Whether or not you agree with the intense training the military employs, they know how to get things done.
The physical and mental training employed by the world's militaries is specifically designed to create formidable warriors and effective leaders. But it's also transferable to non-combat situations, helping to improve CEO leadership and employee productivity in any industry.
With this in mind, we read and listened to numerous members of the military to extract some key lessons that can help make anyone better. productivity.
Making your bed each morning is the first piece of advice Admiral William H. McRaven offered to the University of Texas during his 2014 commencement address:
Tim Ferriss learned the same lesson from a Sri Lankan monk, but also notes that "This is a common belief among many high-performance military tacticians."
Making your bed isn't just a small catalyst for completing larger tasks. No matter how terrible your day is, this small success helps you "keep one hand on the wheel of life." That's also why “tackle your biggest task first ” is Bad Productivity Advice 4 Popular Productivity Tips to Ignore 4 Popular Productivity Tips to Ignore Some of the productivity ideas being sold to us are sometimes unfounded and often wrong. We're going to debunk some of these productivity myths by showing that the opposite can be true. Read more . Smaller tasks are much better for building a productive drive, and much easier, too.
Admiral McRaven also explains:
The effect was known as sugar cookie .
The purpose of the drill was not to learn how to pass the uniform inspection. The instructors were Never I'll let you have a perfect uniform..
The point is that “sometimes, no matter how well you prepare or how well you perform, you will still end up a sugar cookie…if you want to change the world, stop being a sugar cookie and move on.”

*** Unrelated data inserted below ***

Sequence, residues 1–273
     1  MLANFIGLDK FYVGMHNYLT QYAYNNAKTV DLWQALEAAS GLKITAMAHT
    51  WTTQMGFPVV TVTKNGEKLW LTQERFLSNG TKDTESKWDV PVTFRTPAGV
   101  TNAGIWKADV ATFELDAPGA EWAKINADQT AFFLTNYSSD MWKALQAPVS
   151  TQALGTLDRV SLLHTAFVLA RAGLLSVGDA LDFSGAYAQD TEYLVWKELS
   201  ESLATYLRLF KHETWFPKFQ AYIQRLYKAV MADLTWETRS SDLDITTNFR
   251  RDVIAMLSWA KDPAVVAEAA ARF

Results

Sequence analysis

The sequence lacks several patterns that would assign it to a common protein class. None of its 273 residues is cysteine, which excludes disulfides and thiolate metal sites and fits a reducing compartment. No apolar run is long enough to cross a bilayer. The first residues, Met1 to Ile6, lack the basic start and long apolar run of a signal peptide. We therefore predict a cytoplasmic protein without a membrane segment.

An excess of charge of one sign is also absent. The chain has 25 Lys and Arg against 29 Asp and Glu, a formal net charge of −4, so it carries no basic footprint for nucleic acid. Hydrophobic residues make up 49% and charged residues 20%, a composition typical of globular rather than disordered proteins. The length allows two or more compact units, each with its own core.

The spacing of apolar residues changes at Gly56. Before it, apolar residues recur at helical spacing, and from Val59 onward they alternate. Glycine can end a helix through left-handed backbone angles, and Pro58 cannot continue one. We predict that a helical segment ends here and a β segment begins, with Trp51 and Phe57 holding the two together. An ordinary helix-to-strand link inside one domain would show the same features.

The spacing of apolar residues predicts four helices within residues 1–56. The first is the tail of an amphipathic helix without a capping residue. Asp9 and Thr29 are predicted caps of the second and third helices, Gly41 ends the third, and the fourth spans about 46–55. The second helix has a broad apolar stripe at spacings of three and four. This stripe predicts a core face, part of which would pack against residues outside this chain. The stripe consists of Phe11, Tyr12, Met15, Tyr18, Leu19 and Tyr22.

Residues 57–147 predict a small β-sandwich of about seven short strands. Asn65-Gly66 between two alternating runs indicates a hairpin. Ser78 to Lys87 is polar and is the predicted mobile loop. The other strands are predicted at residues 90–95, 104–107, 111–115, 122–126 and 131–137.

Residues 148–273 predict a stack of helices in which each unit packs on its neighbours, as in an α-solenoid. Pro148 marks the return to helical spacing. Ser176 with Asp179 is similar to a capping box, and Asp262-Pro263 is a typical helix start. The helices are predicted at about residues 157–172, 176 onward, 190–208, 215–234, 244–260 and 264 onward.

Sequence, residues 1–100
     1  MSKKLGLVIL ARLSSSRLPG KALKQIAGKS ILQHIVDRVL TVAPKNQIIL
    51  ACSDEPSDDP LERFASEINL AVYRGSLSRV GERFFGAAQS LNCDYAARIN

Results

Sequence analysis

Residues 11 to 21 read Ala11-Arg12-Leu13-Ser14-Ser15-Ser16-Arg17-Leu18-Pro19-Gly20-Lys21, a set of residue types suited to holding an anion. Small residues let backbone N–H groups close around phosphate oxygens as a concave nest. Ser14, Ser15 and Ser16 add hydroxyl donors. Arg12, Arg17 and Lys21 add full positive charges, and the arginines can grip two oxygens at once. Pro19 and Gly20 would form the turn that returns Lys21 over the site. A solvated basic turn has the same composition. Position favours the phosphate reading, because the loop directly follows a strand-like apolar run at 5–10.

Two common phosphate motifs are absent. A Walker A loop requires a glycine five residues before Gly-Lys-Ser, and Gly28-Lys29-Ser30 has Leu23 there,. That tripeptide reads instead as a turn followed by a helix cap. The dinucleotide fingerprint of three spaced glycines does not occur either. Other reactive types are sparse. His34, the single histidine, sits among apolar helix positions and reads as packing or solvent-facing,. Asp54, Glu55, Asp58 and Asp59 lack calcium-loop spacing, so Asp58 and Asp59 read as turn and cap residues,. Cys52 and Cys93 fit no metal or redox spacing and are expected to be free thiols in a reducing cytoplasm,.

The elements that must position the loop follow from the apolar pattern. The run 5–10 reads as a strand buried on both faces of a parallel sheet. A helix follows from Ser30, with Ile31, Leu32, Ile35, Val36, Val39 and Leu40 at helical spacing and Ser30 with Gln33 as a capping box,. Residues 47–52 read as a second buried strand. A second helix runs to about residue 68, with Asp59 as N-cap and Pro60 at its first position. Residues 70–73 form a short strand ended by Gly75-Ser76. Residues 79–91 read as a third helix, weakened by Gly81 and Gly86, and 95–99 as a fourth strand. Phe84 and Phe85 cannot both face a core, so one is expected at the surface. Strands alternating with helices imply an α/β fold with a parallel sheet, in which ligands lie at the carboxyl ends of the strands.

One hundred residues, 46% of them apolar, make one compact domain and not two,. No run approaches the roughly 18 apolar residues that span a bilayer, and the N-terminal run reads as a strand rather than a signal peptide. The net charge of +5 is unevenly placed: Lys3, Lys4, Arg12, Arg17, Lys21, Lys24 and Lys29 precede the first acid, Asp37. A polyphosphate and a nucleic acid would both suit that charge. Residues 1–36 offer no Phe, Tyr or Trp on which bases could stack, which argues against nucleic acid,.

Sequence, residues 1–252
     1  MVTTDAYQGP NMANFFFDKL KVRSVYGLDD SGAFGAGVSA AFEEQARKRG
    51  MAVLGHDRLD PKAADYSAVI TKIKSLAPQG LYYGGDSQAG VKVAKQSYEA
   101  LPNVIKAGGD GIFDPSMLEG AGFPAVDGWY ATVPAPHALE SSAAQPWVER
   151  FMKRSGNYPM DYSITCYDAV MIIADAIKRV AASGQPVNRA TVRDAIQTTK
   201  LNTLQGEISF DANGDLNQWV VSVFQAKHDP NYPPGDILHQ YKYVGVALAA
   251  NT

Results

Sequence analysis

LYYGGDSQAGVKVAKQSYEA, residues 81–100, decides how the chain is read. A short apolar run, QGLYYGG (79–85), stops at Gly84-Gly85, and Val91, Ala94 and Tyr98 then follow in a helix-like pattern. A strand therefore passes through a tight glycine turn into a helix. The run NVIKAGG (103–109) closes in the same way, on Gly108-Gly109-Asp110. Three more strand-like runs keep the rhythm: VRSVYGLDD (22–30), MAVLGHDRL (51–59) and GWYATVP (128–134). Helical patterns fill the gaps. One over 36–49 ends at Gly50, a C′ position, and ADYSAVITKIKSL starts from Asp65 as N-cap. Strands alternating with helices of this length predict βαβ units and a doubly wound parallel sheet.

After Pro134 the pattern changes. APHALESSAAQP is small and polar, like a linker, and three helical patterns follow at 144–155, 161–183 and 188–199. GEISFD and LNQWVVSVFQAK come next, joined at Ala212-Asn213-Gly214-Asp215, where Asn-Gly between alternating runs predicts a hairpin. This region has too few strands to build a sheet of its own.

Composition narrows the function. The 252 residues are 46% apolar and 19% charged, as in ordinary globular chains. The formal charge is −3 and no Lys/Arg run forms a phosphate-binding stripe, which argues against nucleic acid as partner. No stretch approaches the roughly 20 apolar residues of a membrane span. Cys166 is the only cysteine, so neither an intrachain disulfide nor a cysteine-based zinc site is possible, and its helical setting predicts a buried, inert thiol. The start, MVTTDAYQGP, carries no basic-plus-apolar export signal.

The idea of moving forward despite discomfort dates back to ancient Stoics, such as the emperor and military leader, Marcus Aurelius. The main thing is to keep moving through the chaos and stress. Don't let failure and discomfort stop you from working on what's important. It's just part of the process. Tomorrow will probably be better.
In an interview with The Hudson Union, General McChrystal spoke about the importance of fitting into his daily run first thing in the morning:"You have to do it when you're not competing with other things.." Otherwise, as soon as he arrived to the office, he found himself buried in a busy job.
Field Marshal William Slim, commander of the British Army in Burma during World War II, agreed to this kind of strict routine. In his memoir he talks about the importance of establishing a “battle rhythm”. His own battle rhythm included plenty of time to sleep, read, and exercise, although it is different for each person. Trial and error is key.
Whatever routine works for you to get ready for the day or recover from the day before, put this on his schedule and stick to it ruthlessly. The productivity benefits will far outweigh the small amount of time it takes to maintain your routine.
During their training, US Navy Soldiers learn that if a task takes five minutes or less, do it now . This is a habit carried through all levels of the naval hierarchy. A small task completed now can prevent a larger task in the future.